I will go with how the motor is set up now but a few changes to accomodate for modern technology.  The motor was doing very low 12sec passes in a 280Z back in the day. 

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"1. The stock intake runners have pretty small inner diameters - probably good to 350-400 whp but will limit airflow at the top end."

 

OK, let's be correct here... The stock manifold is not good to " probably" 350-400HP, it's been proven at over 650HP (At various RPM levels with boost of 17, 21, and 25psi)

 

Yeah n they're small, but they DO flow at 190CFM, BETTER THAN ANY STOCK UNPORTED HEAD!

 

So can we PLEASE stop blaming the MANIFOLD in turbo applications when it's the HEAD PORTS that are the problem????

 

L-Head Power has ALWAYS been "in the head"-this doesn't change when huffing the engine!

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  • 2 weeks later...

 

OK, let's be correct here... The stock manifold is not good to " probably" 350-400HP, it's been proven at over 650HP (At various RPM levels with boost of 17, 21, and 25psi)

 

 

Back in the day, with a mildly ported head, I picked up around 25whp with the use of a Thagard intake and retuning to correct the leaner AFRs, with no other changes. This was at the 380--390 whp/20Psi level. I could be wrong, but it looked to me that the stock manifold was beginning to limit flow. If 600+ hp numbers were achieved with the stocker I'm sure we're talking extreme porting to make more than 190 cfm.

 

Looking at the Electramotive 280Zx Turbo GTO car, at 580 SAE net hp, That intake mani is definitely not stock.

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The stock intake, at 32mm ID, is definitely a feature that needs to be addressed. It's not so much the flow rate, as it is the acoustic tuning that is the problem, in my opinion. Torque peak RPM is seriously impacted by the diameter of the runner, and to a little lesser extent the length of the runner. By playing with the runner diameter, peak torque can be moved around, and then once you decide where you want peak torque to occur, you can set the runner diameter based on that. (Hint: for a 176 cubic inch 6-cylinder engine, peak torque will occur around 5300RPM with a 1.76" average runner area, or 5850 RPM for a 1.95" average runner area.) Once runner diameter is set, you can reinforce that by adjusting the runner length from valve head to plenum to narrow or widen the torque band. 5300 RPM would be 2nd wave tuned with an intake length of fifteen and a half inches, valve to plenum.

 

The stock L28 fuel injection intake, with 32-34mm runners, is set up for peak torque to occur between 4000 and 4200 RPM. I seem to recall a characteristic torque curve for turbocharged L28's being mentioned before. The problem is that now the runners should be about twenty inches long to match the length to the torque peak. It is possible to fit this into the bay...that's 16" from the cylinder head to the plenum. Wrap them around an LD manifold or the P65 casting and I bet you're pretty close. I've got a hunch that this length-to-diameter mismatch results in the "5500RPM out of breathness" for the L28ET that is often mentioned. The stock cam is probably engineered to match up pretty well to these characteristics, too.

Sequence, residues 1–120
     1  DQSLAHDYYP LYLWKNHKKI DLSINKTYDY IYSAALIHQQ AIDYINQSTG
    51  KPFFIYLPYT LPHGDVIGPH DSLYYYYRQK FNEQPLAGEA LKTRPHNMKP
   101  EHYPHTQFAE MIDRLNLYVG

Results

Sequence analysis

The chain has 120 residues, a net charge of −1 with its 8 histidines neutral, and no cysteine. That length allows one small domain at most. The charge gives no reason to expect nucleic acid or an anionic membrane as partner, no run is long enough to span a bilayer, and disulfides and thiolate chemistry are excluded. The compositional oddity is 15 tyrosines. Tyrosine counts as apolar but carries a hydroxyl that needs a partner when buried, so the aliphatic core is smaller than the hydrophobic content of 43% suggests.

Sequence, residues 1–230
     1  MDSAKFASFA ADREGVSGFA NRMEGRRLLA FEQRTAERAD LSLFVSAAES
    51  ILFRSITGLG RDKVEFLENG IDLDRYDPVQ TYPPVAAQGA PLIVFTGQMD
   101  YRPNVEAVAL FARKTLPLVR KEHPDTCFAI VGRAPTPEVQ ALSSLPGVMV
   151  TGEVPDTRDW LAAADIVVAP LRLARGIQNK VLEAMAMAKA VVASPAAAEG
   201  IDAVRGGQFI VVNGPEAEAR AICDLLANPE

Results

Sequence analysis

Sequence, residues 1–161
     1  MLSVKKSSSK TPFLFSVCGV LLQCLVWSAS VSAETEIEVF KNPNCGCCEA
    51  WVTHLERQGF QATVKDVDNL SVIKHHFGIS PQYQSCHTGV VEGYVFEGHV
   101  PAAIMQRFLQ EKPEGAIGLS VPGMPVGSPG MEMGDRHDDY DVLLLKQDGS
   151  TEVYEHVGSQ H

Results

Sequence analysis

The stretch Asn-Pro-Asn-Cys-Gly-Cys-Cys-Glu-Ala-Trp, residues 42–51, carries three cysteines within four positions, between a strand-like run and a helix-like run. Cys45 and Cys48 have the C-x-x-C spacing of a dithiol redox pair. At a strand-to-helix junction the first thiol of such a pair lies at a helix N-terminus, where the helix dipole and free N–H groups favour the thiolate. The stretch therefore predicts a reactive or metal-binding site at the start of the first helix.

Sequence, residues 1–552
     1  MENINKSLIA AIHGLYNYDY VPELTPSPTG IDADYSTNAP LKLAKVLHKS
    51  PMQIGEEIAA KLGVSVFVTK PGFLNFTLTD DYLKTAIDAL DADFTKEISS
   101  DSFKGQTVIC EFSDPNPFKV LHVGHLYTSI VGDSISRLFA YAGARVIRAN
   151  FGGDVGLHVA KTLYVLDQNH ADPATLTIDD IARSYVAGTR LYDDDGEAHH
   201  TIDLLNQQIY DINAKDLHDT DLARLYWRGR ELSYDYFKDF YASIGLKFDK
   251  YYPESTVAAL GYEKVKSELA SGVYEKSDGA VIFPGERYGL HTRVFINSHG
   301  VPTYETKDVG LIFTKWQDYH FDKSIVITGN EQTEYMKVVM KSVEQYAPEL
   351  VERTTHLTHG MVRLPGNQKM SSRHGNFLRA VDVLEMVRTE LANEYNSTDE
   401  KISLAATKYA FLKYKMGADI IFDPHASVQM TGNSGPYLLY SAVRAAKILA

By placing peak torque low in the relative capabilities of the engine, you are sacrificing horsepower for torque. Without making a single foot pound more peak torque, move the peak up 1000RPM and gain horsepower. You can adjust for the move with gearing, if needed.

 

On the other hand, if you are going to stick with the stock gearing...a 4200RPM torque peak would be rather appropriate.

Edited by Xnke
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The stock intake, at 32mm ID, is definitely a feature that needs to be addressed. It's not so much the flow rate, as it is the acoustic tuning that is the problem, in my opinion. Torque peak RPM is seriously impacted by the diameter of the runner, and to a little lesser extent the length of the runner. By playing with the runner diameter, peak torque can be moved around, and then once you decide where you want peak torque to occur, you can set the runner diameter based on that. (Hint: for a 176 cubic inch 6-cylinder engine, peak torque will occur around 5300RPM with a 1.76" average runner area, or 5850 RPM for a 1.95" average runner area.) Once runner diameter is set, you can reinforce that by adjusting the runner length from valve head to plenum to narrow or widen the torque band. 5300 RPM would be 2nd wave tuned with an intake length of fifteen and a half inches, valve to plenum.

 

The stock L28 fuel injection intake, with 32-34mm runners, is set up for peak torque to occur between 4000 and 4200 RPM. I seem to recall a characteristic torque curve for turbocharged L28's being mentioned before. The problem is that now the runners should be about twenty inches long to match the length to the torque peak. It is possible to fit this into the bay...that's 16" from the cylinder head to the plenum. Wrap them around an LD manifold or the P65 casting and I bet you're pretty close. I've got a hunch that this length-to-diameter mismatch results in the "5500RPM out of breathness" for the L28ET that is often mentioned. The stock cam is probably engineered to match up pretty well to these characteristics, too.